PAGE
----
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My Old Classmate
My Old Classmate

Zhou Dongyu and Lin Gengxin in My Old Classmate.
Chinese: 同桌的妳  
Year: 2014  
Director: Frant Gwo
Producer: Du Yang
Writer: Gao Xiaosong, Oli Feng, Song Jinchuan
Cast: Kenny Lin, Zhou Dongyu, Michael Sui, Essay Wang, Gong Geer, Mario Li, Sylvia Zhao, Poppy Cao, Zhang Zifeng, Shi Zhaoqi
The Skinny: Nostalgic youth romance that offers a few surprises amidst young love tropes, pretty young stars and tired clichés. Not a classic but the target audience should be well served by this commercial trifle.
by Kozo:

Nostalgic young love is all the rage at Chinese cinemas, and My Old Classmate rides that trend gleefully. This is another film in a genre that includes So Young, Fleet of Time, But Always and even portions of American Dreams in China. Hot idol Lin Gengxin stars as Lin Yi, a successful yuppie working in New York City, who receives an invitation to the wedding of his childhood sweetheart Zhou Xiaozhi (Zhou Dongyu). Leaving his fiancée and posh lifestyle behind, Lin Yi hops a plane back to China while reminiscing about his quirky courtship with Xiaozhi. For much of their relationship, Xiaozhi allowed Lin Yi only a few minutes a day to be her boyfriend, with the minutes rising or falling depending on stuff going on at the time. One big factor in Lin Yi’s date minute allotment was his schoolwork – Xiaozhi would push Lin Yi to excel so that he could join her in university, and if he did better, he’d get more boyfriend time. Wow, it’s like parenting and dating at the same time!

Obviously, Lin Yi and Xiaozhi did not end up together so the story becomes about what they went through, plus what happens when they finally meet up again. My Old Classmate moves back and forth between past and present, with lots of voiceover detailing the development of Lin Yi and Xiaozi’s relationship while creating suspense for their reunion. Their nostalgic school days are sometimes rendered crassly; jokes can be sophomoric and performances and gags occasionally broad or lewd (well, by China standards anyway). Plot holes abound, some of them glaring (e.g., Xiaozhi’s father plays a big role and then conveniently disappears), and the supporting characters are basically ciphers. On the positive side, there are soaring bits of silliness, like the use of Queen’s “We Are the Champions” during an escape from a SARS hospital. Yep, the filmmakers reference the Beijing SARS scare along with other historical signifiers. This is a common device in this genre and it works fine here, though some may feel discomfort at the invocation of the 9/11 attacks. These references are intended to be felt, however, so I suppose the filmmakers succeeded.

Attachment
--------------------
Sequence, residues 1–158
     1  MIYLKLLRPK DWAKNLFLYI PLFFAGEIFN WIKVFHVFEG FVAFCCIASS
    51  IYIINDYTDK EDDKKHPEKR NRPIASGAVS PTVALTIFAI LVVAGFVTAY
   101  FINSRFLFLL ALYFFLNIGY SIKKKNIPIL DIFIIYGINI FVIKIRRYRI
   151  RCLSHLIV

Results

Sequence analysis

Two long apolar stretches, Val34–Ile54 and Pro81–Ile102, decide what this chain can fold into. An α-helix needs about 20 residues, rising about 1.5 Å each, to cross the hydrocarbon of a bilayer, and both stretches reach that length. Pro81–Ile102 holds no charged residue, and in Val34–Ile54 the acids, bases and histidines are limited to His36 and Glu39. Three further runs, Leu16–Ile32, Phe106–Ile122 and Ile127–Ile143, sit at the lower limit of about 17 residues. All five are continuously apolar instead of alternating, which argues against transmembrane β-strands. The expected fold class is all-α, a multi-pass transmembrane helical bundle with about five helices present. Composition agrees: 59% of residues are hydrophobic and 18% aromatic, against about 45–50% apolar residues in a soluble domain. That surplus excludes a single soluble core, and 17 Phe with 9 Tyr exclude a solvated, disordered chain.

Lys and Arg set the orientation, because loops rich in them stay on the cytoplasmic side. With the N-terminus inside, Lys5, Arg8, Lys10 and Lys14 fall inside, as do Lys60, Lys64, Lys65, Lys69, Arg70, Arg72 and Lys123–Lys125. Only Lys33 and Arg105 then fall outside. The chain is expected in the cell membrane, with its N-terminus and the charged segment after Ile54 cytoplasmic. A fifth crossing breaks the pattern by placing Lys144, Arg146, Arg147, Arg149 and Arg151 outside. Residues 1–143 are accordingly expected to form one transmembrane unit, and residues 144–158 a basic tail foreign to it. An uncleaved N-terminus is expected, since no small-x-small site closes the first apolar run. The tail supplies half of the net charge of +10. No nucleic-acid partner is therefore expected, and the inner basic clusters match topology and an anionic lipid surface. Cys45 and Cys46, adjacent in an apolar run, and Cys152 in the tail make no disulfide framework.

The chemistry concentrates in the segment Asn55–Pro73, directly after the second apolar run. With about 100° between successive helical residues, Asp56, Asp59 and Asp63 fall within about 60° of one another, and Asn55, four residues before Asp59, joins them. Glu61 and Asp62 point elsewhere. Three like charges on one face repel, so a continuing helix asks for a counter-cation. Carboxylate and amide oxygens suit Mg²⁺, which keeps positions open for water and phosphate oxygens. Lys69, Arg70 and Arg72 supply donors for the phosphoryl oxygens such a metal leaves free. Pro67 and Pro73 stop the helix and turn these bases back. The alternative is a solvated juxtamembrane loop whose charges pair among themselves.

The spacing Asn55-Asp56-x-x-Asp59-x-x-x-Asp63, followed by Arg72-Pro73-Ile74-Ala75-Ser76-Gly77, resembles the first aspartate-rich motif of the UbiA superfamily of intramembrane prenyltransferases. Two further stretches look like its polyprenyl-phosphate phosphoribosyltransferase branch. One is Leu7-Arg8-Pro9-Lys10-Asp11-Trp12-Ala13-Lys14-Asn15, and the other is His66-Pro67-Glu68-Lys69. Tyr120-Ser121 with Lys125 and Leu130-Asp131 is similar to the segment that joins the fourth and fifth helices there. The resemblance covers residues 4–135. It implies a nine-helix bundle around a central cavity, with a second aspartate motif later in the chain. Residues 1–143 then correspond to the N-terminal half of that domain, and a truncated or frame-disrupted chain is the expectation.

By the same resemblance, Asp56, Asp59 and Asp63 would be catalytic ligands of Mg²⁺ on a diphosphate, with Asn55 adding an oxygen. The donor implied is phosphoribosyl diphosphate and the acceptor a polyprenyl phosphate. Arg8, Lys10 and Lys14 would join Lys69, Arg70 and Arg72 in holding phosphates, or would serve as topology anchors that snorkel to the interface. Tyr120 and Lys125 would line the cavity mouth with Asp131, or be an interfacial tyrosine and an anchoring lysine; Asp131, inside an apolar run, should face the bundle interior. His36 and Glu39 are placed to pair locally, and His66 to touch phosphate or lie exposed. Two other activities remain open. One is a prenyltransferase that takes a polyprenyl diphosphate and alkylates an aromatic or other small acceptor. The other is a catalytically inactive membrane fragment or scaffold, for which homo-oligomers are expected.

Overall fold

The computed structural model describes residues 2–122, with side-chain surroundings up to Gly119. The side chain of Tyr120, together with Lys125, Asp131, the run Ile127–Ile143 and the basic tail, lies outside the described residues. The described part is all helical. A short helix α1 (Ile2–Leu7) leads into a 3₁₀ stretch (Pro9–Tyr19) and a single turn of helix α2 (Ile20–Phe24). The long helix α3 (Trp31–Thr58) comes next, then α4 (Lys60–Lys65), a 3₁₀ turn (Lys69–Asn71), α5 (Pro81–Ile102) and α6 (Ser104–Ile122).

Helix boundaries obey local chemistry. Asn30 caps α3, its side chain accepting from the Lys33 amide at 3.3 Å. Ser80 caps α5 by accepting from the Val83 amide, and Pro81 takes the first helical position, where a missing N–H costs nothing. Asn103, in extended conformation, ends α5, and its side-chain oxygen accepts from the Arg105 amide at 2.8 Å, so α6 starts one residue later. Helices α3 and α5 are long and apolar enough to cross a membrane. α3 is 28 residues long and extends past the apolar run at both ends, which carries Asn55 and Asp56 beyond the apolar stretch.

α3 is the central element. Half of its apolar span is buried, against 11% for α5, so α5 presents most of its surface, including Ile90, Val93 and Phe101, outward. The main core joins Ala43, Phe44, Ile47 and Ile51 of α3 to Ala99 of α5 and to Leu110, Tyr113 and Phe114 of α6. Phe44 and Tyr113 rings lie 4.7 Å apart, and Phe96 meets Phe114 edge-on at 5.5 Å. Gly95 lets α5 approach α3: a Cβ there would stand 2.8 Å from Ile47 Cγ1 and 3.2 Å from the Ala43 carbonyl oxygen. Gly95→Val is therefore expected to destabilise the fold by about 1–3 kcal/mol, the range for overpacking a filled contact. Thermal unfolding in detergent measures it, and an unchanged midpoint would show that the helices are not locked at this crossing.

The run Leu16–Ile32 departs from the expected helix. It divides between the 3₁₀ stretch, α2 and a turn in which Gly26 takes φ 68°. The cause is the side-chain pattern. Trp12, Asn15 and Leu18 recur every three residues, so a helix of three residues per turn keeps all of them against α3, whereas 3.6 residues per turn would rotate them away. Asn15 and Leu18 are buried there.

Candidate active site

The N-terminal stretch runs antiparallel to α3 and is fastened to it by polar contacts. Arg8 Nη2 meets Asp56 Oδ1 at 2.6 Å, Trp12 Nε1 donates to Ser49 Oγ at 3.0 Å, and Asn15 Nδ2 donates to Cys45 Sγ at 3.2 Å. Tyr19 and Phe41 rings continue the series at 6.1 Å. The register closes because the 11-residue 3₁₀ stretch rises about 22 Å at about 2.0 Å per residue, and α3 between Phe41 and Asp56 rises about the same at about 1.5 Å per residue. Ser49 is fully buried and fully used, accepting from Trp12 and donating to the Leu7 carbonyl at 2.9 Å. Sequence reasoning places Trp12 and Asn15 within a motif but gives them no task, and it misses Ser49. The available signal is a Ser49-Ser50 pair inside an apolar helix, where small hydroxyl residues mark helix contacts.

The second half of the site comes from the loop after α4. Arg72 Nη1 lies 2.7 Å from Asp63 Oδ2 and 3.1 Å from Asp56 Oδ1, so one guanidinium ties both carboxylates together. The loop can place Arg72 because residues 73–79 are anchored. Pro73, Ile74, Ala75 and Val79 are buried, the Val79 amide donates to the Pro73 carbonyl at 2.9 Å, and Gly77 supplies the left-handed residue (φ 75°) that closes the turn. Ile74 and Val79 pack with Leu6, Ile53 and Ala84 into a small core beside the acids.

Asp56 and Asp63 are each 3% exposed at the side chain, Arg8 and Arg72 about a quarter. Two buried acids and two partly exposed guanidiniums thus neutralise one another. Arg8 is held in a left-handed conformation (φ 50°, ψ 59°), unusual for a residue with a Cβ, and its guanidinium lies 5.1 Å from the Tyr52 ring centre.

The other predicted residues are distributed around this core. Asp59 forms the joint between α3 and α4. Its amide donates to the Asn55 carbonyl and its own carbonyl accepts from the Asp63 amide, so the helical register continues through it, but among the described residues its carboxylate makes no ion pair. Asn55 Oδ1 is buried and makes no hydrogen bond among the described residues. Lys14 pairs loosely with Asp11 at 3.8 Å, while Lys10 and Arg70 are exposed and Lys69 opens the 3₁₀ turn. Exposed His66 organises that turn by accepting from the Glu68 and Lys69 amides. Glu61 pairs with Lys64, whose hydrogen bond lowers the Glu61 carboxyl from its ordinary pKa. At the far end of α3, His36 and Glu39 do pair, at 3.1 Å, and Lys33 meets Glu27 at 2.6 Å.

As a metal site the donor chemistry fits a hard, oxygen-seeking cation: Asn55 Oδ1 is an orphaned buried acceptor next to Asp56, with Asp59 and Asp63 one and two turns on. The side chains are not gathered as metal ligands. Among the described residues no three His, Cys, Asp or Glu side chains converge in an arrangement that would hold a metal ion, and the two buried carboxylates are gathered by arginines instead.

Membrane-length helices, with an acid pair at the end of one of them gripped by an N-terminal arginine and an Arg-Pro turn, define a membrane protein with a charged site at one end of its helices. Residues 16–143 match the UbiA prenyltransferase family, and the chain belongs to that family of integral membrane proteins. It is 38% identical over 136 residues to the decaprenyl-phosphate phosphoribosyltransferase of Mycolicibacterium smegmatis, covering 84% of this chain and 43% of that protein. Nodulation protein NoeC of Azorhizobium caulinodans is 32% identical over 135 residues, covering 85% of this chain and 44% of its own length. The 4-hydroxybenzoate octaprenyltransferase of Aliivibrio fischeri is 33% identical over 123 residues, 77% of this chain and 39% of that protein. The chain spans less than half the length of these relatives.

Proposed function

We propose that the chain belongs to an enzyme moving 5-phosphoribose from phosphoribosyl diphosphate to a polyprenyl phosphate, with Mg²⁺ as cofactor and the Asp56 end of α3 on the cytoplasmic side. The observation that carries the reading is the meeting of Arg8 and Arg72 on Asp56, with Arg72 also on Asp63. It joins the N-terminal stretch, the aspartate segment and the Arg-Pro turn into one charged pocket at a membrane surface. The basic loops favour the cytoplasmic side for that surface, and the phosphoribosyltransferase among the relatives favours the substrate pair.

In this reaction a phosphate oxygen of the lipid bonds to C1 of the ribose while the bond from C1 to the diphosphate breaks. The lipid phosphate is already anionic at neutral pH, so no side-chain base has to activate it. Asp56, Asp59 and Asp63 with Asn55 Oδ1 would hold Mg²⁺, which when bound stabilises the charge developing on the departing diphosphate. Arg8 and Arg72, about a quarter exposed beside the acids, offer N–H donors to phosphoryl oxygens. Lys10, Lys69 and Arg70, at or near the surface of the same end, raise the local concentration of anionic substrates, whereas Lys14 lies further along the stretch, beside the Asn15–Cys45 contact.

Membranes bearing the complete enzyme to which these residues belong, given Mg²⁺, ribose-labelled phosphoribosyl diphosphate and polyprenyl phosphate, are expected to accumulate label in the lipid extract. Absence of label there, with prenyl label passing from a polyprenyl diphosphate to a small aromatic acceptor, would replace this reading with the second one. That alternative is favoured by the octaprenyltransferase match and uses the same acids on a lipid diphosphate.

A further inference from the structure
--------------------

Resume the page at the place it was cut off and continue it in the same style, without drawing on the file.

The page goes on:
My Old Classmate is throwaway cinema that’s hard to recommend to everyone, yet it serves up the hooks that its target audience expects. Besides all the first love tropes – which are satisfyingly delivered by handsome-but-not-threatening Lin Gengxin and too-cute-to-be-human Zhou Dongyu – the film manages a few surprising moments. No, not the common melodrama that causes Lin Yi and Xiaozhi’s relationship woes and certainly not the tired subplot about Lin Yi attempting to create a social network. I’m talking about a minor twist that acknowledges the realities of the big, bad grown-up world while also managing to suspiciously serve SAPPRFT-approved dogma. The twist may add subtle China fluffing but it also propels the film towards a cathartic, over-the-top and even poignant end. When the dust settles, My Old Classmate still hasn’t achieved much but its playful and occasional lowbrow sensibilities make it more enjoyable than its more serious and pretentious genre cousins. For mid-to-low end populist fluff, My Old Classmate does a bit more than expected. I guess we can call that a win. (Kozo, 1/2015)



DVD (Hong Kong)
Region 3 NTSC
Kam & Ronson Enterprises Co.
16x9 Anamorphic Widescreen
Mandarin and Cantonese Language Tracks
Dolby Digital 5.1
Removable English and Chinese Subtitles
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